Vancouver’s battle against the car downtown has been so successful that parking lots saw sharp declines in use last year.
Thanks to a 35-per-cent tax hike on parking, the seductive appeal of the Canada Line, and a mantra that cars are bad and any other form of locomotion is good, the city’s parking corporation, EasyPark, saw a 9-per-cent drop in lot use.
Private companies also saw declines, though not as steep.
And although the city’s on-street parking revenue increased in 2011 by $2-million from the previous year, it fell short of projections. The final tally for 2011 was $38-million from on-street parking, instead of the $42-million projected, despite an additional 750 meters put in last year.
Now, the managers of the city-owned downtown lots are trying to figure out what else they might do with their increasing number of empty spaces – everything from mini-storage to roof gardens.
And that’s all good, says the city’s transportation director, Jerry Dobrovolny.
“By 2020, we’re aiming to have less than half of the trips downtown by car,” said Mr. Dobrovolny, who oversees a system where only about 60 per cent of people travel downtown in a private vehicle – already an unusually low number for a North American city.
It turns out 2011 was a key year in achieving Vancouver’s ultimate goal. “There was a dramatic change in the system, with the new tax and the Canada Line. We had had a system that was in equilibrium and now we’re all adjusting to a new reality,” he said.
Mike Poirier, the regional vice-president for Diamond Parking operations, said the company saw small increases in its suburban lots near SkyTrain stations, which indicated to him that people were choosing to park in the suburbs and take transit for the last leg.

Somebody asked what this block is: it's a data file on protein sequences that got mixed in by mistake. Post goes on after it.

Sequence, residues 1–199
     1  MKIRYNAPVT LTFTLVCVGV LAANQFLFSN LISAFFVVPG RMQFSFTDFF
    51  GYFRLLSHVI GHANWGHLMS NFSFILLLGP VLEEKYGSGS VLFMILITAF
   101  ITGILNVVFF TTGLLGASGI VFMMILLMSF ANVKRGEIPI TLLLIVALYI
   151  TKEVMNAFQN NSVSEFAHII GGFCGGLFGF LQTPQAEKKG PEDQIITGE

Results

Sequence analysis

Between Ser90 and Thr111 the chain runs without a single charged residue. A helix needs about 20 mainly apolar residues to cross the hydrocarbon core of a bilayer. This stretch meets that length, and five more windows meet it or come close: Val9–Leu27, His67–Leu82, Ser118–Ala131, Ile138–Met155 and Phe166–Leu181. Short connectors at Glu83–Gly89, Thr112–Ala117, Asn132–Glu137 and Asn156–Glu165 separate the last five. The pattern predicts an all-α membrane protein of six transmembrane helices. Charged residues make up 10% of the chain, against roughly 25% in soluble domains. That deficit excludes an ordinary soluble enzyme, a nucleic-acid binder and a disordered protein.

EasyPark statistics also showed large numbers of cancellations by Richmond residents of year-round parking spots in 2011.
Bob Ransford, a Richmond-based development consultant, said he now frequently parks at the River Rock Casino – $2.50 for 24 hours – and travels downtown by Canada Line to save himself the hassle and cost of parking downtown.
Parking companies were also hit in 2011 with new taxes from two sources – a 21-per-cent increase from TransLink, and a 12-per-cent HST tax that was applied to the TransLink tax as well as the base price.
“That had a dramatic affect on parking,” Mr. Poirier said. He also blamed new bike lanes for the drop.
All the changes are prompting Mr. Dobrovolny to wonder if the city can reduce even more of its requirements for parking in new buildings constructed downtown, if the pattern continues.
The city capped the number of public downtown parking spaces in 1997 at 35,000, in order to drive home the message that Vancouver was not going to do any more to accommodate cars. Since then, the city has seen the number of car trips into downtown decline steadily, even though the number of overall trips has increased as more people work and live downtown.
That’s in stark contrast to almost every other North American city. In Toronto, the city parking managers aren’t seeing any drop in demand for parking.
“We’re not experiencing that in Toronto,” said a somewhat bemused Gwyn Thomas, president of the Toronto Parking Authority, when told about the Vancouver situation. The Toronto authority brings in about $140-million a year and was only $11,000 short of that mark in 2011, he said.
Toronto manages 56,000 spaces on the street and in lots, with a top rate of $3.50 an hour on the street and $5.50 in lots downtown, compared to Vancouver’s top street-parking charge of $6 an hour.
“We’re always creating new spaces where they’re needed,” Mr. Thomas said. As far as he knows, there’s no drop in the number of cars coming into the city.